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Class Act: Too Much of a Good Thing?
Posted May 1, 2006 Print Version     Page 1of 1
  

I would like to share with you a lapse in judgment that I had recently. I was shooting some footage and decided that I wasn't going to worry too much about how I shot because I was going to shoot a lot of footage—enough to practically guarantee that I would have plenty of "usable" shots in the end. This decision was out of character for me, but as I have stated, it was a lapse in judgment.


Why I thought this was a good idea is beyond me, but it's something that I hope to recall next time I get such a grand idea. I wish that I could say that I'm alone in attempting such a ludicrous approach, but it is done more often in the production field than you'd think.

I'm not sure who tried it first, but the myth of successful firehosing—where you guarantee optimum coverage by pressing Record and shooting everything in sight as a firefighter would drench an entire city block to put out a fire—has become the equivalent of a producers' urban legend. The notion that you can fix anything in post is right up there too, and it applies just as much to excessive and indiscriminate shooting as to other types of blunders. Until they learn for themselves, too many camera operators believe that if you shoot lots of footage, there inevitably will be enough material to create a great video.

If anyone remains skeptical, take a minute to consider the last wedding reception you shot or attended. Remember those cheesy disposable wedding cameras poised and ready to go on the tables? They are conveniently and conspicuously displayed as pseudo-centerpieces so that everyone will pick them up and take pictures with them, helping them to capture memories that they might otherwise miss.

Have you ever seen the results from those cameras? Roll after roll of worthless shots. They are generally out-of-focus, blurry, finger-over-the-shutter shots of ears and elbows and table legs and linoleum floors. There are several reasons for this, but the most common scenario is that Uncle Bob thought it would be fun to take some pictures while dancing, then handed the camera off to Aunt Edna, who insisted on getting a picture during the slideshow, unaware of the magic of flash photography.

Some of the film is developed only to find people with their foreheads cut off, others with their eyes closed, and even others who are at best reduced to indescribable blobs. These pictures then wind up on the proverbial cutting-room floor as the bride and groom engage in a futile post-mortem attempt to create a meaningful little something out of a lot of raw material. Don't get me wrong, it's an interesting and inexpensive way to get guests involved (and can, on occasion, lead to some really "interesting," if not incriminating, pictures), but the vast majority don't make it into a photo album.

Likewise, the haphazard shooter who thinks he can end up with a good video just because he has shot tons of footage may suffer a similar fate. (And sadly, it's not just amateurs that make this mistake on the video side.) Many film and video courses at the university or college level give exercises in shooting a project with a limited amount of film or tape. Some common variables are limiting the project to a couple hundred feet of film or four to five minutes of videotape. It is an exercise in precision and discipline when every shot has got to count.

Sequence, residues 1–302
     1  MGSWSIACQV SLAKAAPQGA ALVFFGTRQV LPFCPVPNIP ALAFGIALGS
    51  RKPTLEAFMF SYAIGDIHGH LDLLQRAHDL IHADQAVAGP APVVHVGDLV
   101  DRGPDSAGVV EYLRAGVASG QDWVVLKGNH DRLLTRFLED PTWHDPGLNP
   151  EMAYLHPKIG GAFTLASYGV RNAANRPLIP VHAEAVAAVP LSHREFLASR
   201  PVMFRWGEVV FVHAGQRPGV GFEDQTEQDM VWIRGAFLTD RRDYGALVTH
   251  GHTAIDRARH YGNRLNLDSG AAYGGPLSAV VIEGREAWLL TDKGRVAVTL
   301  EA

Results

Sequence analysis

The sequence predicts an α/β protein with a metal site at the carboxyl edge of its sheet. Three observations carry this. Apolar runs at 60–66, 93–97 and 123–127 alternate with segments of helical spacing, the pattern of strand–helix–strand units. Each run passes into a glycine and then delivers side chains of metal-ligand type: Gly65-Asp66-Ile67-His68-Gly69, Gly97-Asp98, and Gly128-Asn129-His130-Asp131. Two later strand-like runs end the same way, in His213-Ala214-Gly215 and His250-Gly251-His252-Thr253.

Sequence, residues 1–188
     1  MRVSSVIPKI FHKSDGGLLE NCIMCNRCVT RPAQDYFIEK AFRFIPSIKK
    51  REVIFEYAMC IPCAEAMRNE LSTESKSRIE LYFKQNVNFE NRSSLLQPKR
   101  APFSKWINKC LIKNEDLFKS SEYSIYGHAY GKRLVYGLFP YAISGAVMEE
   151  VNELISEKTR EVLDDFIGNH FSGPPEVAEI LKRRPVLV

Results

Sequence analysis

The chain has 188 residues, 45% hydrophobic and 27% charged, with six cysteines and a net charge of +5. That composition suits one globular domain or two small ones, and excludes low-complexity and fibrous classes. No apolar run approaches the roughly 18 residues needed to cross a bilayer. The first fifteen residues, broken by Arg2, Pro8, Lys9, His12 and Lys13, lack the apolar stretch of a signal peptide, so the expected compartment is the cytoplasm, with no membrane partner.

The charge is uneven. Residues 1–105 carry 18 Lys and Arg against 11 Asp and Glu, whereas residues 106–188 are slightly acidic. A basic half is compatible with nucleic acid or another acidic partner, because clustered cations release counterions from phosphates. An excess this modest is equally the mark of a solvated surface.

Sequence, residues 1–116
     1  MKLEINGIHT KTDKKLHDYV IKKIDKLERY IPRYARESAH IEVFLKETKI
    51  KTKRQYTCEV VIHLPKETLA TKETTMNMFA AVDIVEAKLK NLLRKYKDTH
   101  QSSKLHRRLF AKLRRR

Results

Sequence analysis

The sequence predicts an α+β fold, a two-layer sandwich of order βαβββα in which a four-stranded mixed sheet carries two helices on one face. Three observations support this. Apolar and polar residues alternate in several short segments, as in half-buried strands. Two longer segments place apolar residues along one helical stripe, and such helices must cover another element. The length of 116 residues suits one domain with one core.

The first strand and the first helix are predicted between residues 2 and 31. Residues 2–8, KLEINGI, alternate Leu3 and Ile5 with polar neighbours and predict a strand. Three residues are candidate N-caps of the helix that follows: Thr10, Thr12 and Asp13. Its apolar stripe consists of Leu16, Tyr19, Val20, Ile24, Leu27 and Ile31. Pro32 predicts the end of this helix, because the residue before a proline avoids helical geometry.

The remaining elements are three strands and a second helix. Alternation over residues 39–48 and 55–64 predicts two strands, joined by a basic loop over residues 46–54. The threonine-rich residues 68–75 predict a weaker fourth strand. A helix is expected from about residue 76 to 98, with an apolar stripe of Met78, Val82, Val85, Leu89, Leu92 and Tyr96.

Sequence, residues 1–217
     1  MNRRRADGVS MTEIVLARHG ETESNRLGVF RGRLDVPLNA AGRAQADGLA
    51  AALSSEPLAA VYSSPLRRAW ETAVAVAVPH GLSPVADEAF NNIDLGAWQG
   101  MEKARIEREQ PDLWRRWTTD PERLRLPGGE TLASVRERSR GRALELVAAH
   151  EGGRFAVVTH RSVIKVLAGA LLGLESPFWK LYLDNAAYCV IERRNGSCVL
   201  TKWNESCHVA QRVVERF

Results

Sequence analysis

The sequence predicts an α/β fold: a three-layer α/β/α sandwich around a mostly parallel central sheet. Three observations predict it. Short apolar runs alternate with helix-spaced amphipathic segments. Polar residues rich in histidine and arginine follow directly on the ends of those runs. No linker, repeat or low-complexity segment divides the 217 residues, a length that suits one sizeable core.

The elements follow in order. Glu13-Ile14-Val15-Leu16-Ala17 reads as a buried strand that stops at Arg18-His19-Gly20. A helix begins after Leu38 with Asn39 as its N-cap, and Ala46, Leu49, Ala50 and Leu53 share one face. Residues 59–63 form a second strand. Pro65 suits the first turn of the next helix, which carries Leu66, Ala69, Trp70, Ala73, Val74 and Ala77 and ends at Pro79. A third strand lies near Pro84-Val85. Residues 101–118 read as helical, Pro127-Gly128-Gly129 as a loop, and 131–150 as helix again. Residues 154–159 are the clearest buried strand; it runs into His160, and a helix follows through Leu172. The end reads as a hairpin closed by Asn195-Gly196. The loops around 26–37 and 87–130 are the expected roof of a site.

Can you imagine going out to shoot a wedding or commercial and only being able to use one tape to shoot it all? You'd really need to be paying attention to all the elements involved and your shooting objective! What if you could only use a couple of shots to tell a story? There would likely be a great deal of effort expended to make sure that every shot was as good as it could be.

The irony is that the difference between a really good shot and a simply mediocre one is a matter of infinitesimal effort. This would include a slight tilt or pan for better composition, checking to make sure that the subject is really in focus, making sure the sky or the whites are not too blown out, etc. While in the field, remember the classic double-check. This extra effort on the front end is much preferred to finding out in the editing room that you forgot something.

Encouraged by tapes being so affordable, some people just don't put enough thought into setting up for a shoot. Cheap tape is not a license for excessive and undisciplined shooting. (Maybe Panasonic's vaunted new P2 solid-state media, which limit maximum-quality HD shooting to eight minutes on a $1,400 card, will necessitate a more discerning approach to shooting for users of P2-dependent cameras.)

Whether it's an interview or just getting some b-roll, the old approach of compensating for lack of detail or preparation by recording more just doesn't fly. It's in those instances that you will see people record a whole tape of b-roll without ever pausing to give a nice fluid beginning or end to any shot.

So, what's really needed to get your shots off the floor and into the album? For starters, a little more thoughtful preparation, followed by a couple of extra minutes during the shoot. It will separate your work from the work of your colleagues who still see value in cutting corners.



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